Other interesting monuments are Khandar Khan’s mosque, Hirapur mosque both built by royal consort Chandbibi in 1585, the Archeology Museum which displays ancient Buddhist plaques and the Durgah Library which contains over 10,000 Urdu, Persian and Arabic books.
Accommodation. Despite being a district headquarter town, Gulbarga does not offer much in terms of residential accommodation. Among the better known hostelries are: Citrus Gulbarga (Rs.2,584-2,800 per night), Lumbini’s Grand Hotel (Rs.2,072-2,296), Hotel Pariwar (Rs.2,056-2,166), Hotel Heritage Inn (Rs.1,680).
Getting there. Rail. Gulbarga is on the main Mumbai-Bangalore line and a number of express trains stop here. It is also well connected with Bangalore, Hyderabad and Kochi by rail. Road. Gulbarga is well connected with the rest of Karnataka. Buses ply frequently from Gulbarga to Bidar and Bijapur (three hours each). Night buses are available from Bangalore and Hyderabad.
Excursions. There are several weekend excursions ex Gulbarga. Jevargi (40 km) on the banks of the Bhima river is an important religious centre for Jains; Jaladurga Falls near Narayanpura Dam (120 km) on the Krishna river is a scenic picnic spot.
Badami (pop. 330,860) is picturesquely situated at the mouth of a ravine between two rocky hills. Sited near a red sandstone ridge, this small town is famed for its rich history and architecture. The capital of the early Chalukyas who laid the foundation of a unique style of architecture — a fine blend of north Indian Nagara and Dravidian styles — Badami abounds in cave temples with intricately carved frescoes and interesting monuments of the Chalukya era (500-700 AD).
Badami is famous for its rock-cut cave temples. Carved out on the red sandstone hills that surround the town, these temples date back to the 6th and 7th centuries and are embellished with ornately carved images of Hindu deities. Three shrines are dedicated to Hindu gods while the fourth is a Jain temple and was built much later. Situated contiguously is the 5th century Agastyatirtha Tank, dotted with Bhuthnath temples, dedicated to Lord Shiva. The archeological museum is situated nearby.
Accommodation. Badami offers few hotels of acceptable contemporary standard. Among the better ones are: Krishna Heritage (Rs.4,818-5,151 per night), Hotel Mookambika Deluxe (Rs.2,084), Mayura Chalukya (Rs.3,835), Clarks Inn Badami (Rs.3,058-5,900).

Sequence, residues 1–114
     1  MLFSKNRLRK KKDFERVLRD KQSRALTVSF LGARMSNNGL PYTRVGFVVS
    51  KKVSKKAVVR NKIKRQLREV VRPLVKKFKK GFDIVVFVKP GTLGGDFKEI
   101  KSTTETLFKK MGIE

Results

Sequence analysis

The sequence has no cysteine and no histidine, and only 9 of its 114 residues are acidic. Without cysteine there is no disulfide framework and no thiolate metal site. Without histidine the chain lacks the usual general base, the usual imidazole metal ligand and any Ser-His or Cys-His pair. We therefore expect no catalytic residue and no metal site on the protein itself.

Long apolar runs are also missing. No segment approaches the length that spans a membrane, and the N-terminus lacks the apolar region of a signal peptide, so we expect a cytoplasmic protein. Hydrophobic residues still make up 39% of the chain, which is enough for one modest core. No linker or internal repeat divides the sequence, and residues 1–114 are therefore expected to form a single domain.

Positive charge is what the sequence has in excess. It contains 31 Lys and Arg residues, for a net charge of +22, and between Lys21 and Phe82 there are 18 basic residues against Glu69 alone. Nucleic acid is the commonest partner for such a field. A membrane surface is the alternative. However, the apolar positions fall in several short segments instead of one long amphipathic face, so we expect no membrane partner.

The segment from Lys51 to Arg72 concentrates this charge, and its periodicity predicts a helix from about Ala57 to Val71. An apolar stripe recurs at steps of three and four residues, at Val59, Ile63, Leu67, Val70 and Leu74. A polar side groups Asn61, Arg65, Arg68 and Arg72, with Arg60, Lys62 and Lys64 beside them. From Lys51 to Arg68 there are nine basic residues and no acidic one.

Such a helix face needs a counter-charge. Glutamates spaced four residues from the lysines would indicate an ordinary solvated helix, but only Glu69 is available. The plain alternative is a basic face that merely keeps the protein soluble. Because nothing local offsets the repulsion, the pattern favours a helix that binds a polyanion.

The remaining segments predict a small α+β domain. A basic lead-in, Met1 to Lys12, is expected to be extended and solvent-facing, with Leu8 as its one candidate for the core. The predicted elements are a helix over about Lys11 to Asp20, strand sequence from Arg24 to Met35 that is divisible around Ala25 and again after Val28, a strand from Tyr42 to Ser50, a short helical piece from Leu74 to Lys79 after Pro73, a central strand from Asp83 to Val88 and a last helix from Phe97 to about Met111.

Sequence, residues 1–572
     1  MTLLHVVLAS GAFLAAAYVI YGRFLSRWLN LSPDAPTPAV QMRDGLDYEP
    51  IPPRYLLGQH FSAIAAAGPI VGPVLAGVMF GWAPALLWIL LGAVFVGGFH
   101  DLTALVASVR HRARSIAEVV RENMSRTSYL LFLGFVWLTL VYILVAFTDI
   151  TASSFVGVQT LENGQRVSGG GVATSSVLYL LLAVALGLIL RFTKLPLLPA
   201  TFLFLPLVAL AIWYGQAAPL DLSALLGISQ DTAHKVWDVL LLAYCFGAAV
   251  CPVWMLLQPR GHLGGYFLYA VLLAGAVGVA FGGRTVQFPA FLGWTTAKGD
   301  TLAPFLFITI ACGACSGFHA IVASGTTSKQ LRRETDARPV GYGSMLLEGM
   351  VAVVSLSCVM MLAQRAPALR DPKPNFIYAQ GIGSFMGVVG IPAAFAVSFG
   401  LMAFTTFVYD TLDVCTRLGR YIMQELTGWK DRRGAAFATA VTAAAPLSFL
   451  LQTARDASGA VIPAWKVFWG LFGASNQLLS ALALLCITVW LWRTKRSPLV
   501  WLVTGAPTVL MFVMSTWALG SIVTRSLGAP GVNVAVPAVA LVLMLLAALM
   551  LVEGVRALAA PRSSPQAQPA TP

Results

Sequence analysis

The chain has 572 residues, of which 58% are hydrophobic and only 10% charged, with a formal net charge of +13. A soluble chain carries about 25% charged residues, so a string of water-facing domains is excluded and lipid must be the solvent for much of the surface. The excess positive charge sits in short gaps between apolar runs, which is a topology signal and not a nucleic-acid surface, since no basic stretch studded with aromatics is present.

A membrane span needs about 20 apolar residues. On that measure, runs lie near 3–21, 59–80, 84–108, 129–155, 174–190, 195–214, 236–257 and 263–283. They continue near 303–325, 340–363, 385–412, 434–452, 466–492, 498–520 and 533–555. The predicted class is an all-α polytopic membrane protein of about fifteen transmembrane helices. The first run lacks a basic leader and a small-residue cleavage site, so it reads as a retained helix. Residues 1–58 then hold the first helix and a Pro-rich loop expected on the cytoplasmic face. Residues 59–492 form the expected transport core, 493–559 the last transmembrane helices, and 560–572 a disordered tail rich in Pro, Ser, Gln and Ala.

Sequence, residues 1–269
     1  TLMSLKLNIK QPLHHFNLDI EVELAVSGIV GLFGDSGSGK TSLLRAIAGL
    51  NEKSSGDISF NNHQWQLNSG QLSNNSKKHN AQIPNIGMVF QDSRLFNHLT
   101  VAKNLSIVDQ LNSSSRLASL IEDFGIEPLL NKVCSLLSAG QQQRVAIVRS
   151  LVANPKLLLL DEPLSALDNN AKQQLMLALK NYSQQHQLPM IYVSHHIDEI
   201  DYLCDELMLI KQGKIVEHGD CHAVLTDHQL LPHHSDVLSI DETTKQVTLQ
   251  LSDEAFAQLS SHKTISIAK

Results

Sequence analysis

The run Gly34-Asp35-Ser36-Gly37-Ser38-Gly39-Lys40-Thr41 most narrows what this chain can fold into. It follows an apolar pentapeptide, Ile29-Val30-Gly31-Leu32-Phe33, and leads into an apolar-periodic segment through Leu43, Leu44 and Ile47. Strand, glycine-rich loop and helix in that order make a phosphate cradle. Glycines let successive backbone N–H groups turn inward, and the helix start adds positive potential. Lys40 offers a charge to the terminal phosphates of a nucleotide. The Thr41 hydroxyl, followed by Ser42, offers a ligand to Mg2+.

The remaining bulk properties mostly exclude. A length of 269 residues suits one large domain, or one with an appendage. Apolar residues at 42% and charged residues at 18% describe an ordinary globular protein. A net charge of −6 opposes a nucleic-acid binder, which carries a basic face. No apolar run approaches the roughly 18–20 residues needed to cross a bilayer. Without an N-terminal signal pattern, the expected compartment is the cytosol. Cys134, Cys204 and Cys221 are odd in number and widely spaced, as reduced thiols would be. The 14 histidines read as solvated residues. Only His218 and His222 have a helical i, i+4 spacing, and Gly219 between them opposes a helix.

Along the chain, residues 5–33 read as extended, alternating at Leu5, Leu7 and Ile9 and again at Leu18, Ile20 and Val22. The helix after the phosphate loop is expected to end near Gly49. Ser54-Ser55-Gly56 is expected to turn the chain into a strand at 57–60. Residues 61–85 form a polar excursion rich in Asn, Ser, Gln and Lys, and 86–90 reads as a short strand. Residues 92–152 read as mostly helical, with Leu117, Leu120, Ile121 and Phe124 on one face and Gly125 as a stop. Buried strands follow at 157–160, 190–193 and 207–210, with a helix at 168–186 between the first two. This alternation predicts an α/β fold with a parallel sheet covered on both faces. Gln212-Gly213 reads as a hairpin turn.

Excursions. A number of historical spots are accessible from Badami. The historic village of Pattadakal (20 km) was the second capital of the Chalukyas with several temples dating back to 6th and 7th centuries. The Mahakuta and Naganath temples (10 km) and Lakkundi (82 km) cave temples are recommended excursions.
Some scholars regard this temple town — 110 km from Bijapur and 550 km from Bangalore — as the ‘Cradle of Indian temple architecture’. Aihole (pop. 25,852) known as Ayyavole and Aryapura in ancient manuscripts is situated in a picturesque location on the banks of the Malaprabha river and dotted with over 125 temples featuring carved frescoes and sculptures rich in detail. The temples divided into 22 groups are scattered all over the village and surrounding fields. Most of them were built between 700-900 AD. The oldest temple here is perhaps the 5th century Lad Khan temple, located south of the Durga Temple, built in the panchayat hall style. The windows are decorated with latticework of north Indian origin while the Dravidian style sanctum was added later. Built around 450 AD, the temple derives its name from a Muslim prince who converted it into his residence.
Also highly recommended are the Konthi temple complex (Kwanthi Gudi); the Uma Maheswari temple featuring an intricately carved Brahma seated on a lotus; the austere Jain Meguti temple and the two-storeyed Buddhist temple. The nearby Durga temple derives its name from Durgadagudi or ‘temple near the fort’. Dedicated to Lord Vishnu, it is a Hindu adaptation of the Buddhist chaitya (hall). Standing on a high platform with a rekhanagara type of shikara, it is the most ornate monument in Aihole. The columns at the entrance and within the porch are carved with figures and ornamental relief sculptures.
Meguti temple is the only dated monument in Aihole, built atop a small hill in 634 AD. Now partly in ruins, this temple provides important evidence of the early development of the evolving Dravidian school of architecture. The Surayanarayana temple to the north east of Lad Khan, features an icon of Surya with his two consorts Usha and Sandhaya, drawn by horse chariots. Numerous exhibits in the sculpture gallery maintained by the Archaeological Survey of India in the Durga temple are absorbing.
Accommodation. There is only one hotel in Aihole: Iroomz Mayura (Rs.2,000).
Excursions. Weekend and day outings ex Aihole include Koodalasangama (45 km), a pilgrimage centre at the confluence of the Krishna and Malaprabha rivers with a temple consecreted to Shiva. Facing the temple, in the midst of the river, is a small stone mantapa containing a Shiva linga.
Pattadakal (pop. 173,181) is one of the 26 Unesco-recognised world heritage sites in the country. The town boasts ten strikingly attractive temples built in the early Chalukya style of architecture. The biggest, dedicated to Virupaksheshvara has an imposing gateway and is guarded by a majestic sculpture of the Nandi bull.